| 2004N-0559 - Joint Meeting of the Arthritis Advisory Committee and the Drug Safety and Risk Management Advisory Committee|
|FDA Comment Number :||EC47|
|Submitter :||Dr. Scott Reuben||Date & Time:||02/07/2005 05:02:00|
|Organization :||Tufts University School of Medicine|
I am writing this letter in support of the analgesic use of cyclooxygenase (COX)-2 selective non-steroidal anti-inflammatory drugs (NSAIDs) for perioperative pain. Although most of the negative media press has emphasized the possible deleterious effects of COX-2 NSAIDs on cardiovascular morbidity and mortality the advantage of utilizing these COX-2 NSAIDs for perioperative pain management has mostly been ignored. Prior to the introduction of COX-2 NSAIDs the majority of our patients undergoing total joint arthroplasty were in severe pain prior to surgery since standard NSAIDs were discontinued prior to surgery because of the significant risk of perioperative bleeding (over two-fold). We have recently published the advantage of utilizing perioperative coxib administration for enhanced analgesia without the added risk of perioperative bleeding (J Arthroplasty 2002;17(1):26-31). We have shown the perioperative administration of coxibs offers significant analgesic benefit to these patients undergoing total joint arthroplasty. Further, the use of perioperative coxib administration for this surgical procedure was recently shown to improve postoperative outcomes (JAMA 2003;290:2411-8). In addition, we have recently shown the short-term administration of coxibs to patients undergoing spine surgery can not only reduce acute pain (JBJS 2005 in press) but also reduce the incidence of chronic pain following surgery. This has a significant economic impact since it has been shown that the early detection and treatment of a 30-year old patient who would otherwise progress to develop a persistent chronic pain syndrome might amount up to $1 million during the rest of that individual?s life (Reg Anesth Pain Med 2000;25:6-21). We believe the short-term administration of coxibs results in no significant increased cardiac risk to our patients. We have just completed a recent review of the medical charts (over 1,500 cases) in patients receiving coxibs for total joint arthroplasty in which there were no increased cardiovascular risks compared to no NSAID administration (unpublished data). We have also demonstrated the benefit of utilizing coxibs for perioperative pain management following a variety of abdominal, orthopedic, podiatric, dental, and ear nose and throat (ENT) surgeries (Anesthesiology 2003;99:1198-1208). I believe many of these surgical procedures are at significant risk for increased perioperative bleeding with the use of standard NSAIDs. In contrast, we have found no deleterious gastrointestinal, hematological, or cardiovascular morbidity with the short- term administration of COX-2 NSAIDs.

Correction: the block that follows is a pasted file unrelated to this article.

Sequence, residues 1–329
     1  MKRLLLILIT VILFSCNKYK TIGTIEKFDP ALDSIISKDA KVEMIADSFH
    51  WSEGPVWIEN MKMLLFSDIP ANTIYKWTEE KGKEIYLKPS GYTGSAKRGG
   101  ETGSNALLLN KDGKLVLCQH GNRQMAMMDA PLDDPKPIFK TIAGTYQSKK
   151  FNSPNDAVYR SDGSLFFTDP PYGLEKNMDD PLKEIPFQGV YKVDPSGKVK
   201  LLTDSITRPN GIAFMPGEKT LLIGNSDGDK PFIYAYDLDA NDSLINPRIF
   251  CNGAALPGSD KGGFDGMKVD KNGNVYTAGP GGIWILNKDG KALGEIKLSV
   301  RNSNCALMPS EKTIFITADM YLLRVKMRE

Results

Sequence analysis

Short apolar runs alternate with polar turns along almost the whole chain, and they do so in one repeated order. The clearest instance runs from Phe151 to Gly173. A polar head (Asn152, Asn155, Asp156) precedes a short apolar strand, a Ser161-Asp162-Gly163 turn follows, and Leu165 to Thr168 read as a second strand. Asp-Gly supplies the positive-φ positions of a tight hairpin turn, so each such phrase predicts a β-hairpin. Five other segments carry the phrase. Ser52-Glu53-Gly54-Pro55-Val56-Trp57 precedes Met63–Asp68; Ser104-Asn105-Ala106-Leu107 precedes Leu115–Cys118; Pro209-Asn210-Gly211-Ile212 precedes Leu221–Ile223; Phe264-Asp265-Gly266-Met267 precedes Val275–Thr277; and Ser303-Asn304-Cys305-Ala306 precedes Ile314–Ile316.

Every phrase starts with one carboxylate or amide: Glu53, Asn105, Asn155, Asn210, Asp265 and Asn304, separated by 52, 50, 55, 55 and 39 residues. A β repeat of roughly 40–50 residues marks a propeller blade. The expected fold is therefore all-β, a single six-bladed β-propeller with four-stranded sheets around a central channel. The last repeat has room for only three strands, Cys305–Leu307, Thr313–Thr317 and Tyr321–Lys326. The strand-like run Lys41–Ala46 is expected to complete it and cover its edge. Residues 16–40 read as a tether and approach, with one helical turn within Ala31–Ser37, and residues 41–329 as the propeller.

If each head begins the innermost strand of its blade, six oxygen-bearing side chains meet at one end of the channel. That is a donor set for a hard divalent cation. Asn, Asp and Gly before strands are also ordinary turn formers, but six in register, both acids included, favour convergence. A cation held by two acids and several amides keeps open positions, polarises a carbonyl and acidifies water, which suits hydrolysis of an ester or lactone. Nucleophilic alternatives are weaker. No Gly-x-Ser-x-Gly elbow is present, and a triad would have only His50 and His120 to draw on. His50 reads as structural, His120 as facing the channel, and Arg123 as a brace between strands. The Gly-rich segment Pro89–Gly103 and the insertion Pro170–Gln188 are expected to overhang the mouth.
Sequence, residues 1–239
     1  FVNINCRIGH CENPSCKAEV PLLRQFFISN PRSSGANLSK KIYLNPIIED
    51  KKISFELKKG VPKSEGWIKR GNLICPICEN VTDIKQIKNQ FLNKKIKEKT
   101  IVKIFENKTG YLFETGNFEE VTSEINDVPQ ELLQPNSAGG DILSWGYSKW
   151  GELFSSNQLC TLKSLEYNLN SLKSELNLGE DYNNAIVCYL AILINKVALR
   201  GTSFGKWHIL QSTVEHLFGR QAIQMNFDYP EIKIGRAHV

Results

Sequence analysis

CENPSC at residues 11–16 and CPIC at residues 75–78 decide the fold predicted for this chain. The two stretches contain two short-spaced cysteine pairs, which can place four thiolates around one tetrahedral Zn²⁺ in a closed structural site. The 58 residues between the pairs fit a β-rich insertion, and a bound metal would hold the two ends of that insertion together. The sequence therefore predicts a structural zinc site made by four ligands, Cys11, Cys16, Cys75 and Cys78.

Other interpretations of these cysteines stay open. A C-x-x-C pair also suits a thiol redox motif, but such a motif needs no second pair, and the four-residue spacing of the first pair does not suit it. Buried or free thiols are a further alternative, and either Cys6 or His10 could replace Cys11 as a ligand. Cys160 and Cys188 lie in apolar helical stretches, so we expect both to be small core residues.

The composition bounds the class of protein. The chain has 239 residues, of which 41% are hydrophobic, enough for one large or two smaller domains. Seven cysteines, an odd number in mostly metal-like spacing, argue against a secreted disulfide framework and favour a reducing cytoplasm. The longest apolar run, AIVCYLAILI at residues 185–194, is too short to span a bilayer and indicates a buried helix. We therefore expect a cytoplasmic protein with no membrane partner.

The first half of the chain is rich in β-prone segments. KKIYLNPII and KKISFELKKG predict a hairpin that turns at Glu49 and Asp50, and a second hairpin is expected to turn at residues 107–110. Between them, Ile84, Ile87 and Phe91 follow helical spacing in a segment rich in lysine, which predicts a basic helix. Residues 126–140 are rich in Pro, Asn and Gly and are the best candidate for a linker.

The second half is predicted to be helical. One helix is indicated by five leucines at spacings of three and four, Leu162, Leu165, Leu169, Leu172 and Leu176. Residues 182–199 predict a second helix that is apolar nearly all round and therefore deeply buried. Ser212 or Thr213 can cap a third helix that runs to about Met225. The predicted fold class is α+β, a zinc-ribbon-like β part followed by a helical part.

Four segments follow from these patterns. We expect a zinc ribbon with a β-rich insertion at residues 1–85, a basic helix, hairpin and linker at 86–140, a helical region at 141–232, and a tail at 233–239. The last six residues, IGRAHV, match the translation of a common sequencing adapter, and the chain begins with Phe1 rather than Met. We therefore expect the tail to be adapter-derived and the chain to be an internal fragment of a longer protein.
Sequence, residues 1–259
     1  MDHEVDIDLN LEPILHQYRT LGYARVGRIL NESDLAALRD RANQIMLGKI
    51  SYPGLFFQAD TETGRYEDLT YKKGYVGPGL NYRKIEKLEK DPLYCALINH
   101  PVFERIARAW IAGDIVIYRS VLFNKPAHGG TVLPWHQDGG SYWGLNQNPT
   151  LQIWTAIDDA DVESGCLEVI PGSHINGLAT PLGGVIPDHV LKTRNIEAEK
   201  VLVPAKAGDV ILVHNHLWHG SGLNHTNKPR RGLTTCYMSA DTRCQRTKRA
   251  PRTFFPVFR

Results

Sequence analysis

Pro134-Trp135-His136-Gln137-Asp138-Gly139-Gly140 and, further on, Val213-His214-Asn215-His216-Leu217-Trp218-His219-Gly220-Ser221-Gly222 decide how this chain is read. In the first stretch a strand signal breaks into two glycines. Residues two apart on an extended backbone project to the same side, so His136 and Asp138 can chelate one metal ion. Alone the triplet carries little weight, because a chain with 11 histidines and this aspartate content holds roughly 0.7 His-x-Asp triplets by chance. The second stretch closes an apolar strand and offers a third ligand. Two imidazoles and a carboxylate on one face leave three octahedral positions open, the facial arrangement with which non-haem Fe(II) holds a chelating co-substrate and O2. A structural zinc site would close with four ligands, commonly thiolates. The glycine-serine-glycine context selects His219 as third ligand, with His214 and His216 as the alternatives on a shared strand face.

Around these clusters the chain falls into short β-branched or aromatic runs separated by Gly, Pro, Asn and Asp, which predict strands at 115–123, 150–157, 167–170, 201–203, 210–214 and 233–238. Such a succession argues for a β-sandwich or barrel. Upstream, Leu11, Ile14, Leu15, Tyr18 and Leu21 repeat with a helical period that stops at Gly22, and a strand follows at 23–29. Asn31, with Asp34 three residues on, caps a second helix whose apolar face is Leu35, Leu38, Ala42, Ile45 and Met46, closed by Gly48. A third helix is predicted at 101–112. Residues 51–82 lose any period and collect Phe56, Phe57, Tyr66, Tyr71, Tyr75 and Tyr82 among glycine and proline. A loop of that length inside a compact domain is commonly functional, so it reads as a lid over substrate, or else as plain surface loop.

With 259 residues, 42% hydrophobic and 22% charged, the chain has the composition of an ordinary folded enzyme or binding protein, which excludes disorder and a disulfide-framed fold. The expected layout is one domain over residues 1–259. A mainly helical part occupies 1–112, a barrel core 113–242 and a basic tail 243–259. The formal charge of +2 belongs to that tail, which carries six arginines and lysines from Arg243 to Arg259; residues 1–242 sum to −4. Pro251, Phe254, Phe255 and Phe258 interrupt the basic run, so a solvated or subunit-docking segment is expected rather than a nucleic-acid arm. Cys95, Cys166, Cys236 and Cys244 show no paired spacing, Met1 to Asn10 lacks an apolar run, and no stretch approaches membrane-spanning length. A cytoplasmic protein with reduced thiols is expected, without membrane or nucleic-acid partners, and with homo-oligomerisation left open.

In summary, I believe the COX-2 inhibitors represent a significant therapeutic advance in the perioperative management of pain. Withdrawing the use of this class of NSAIDs will represent a significant step backwards in the management of pain.
Scott S. Reuben, MD
Director, Acute Pain Service
Professor of Anesthesiology and Pain Medicine
Baystate Medical Center and the
Tufts University School of Medicine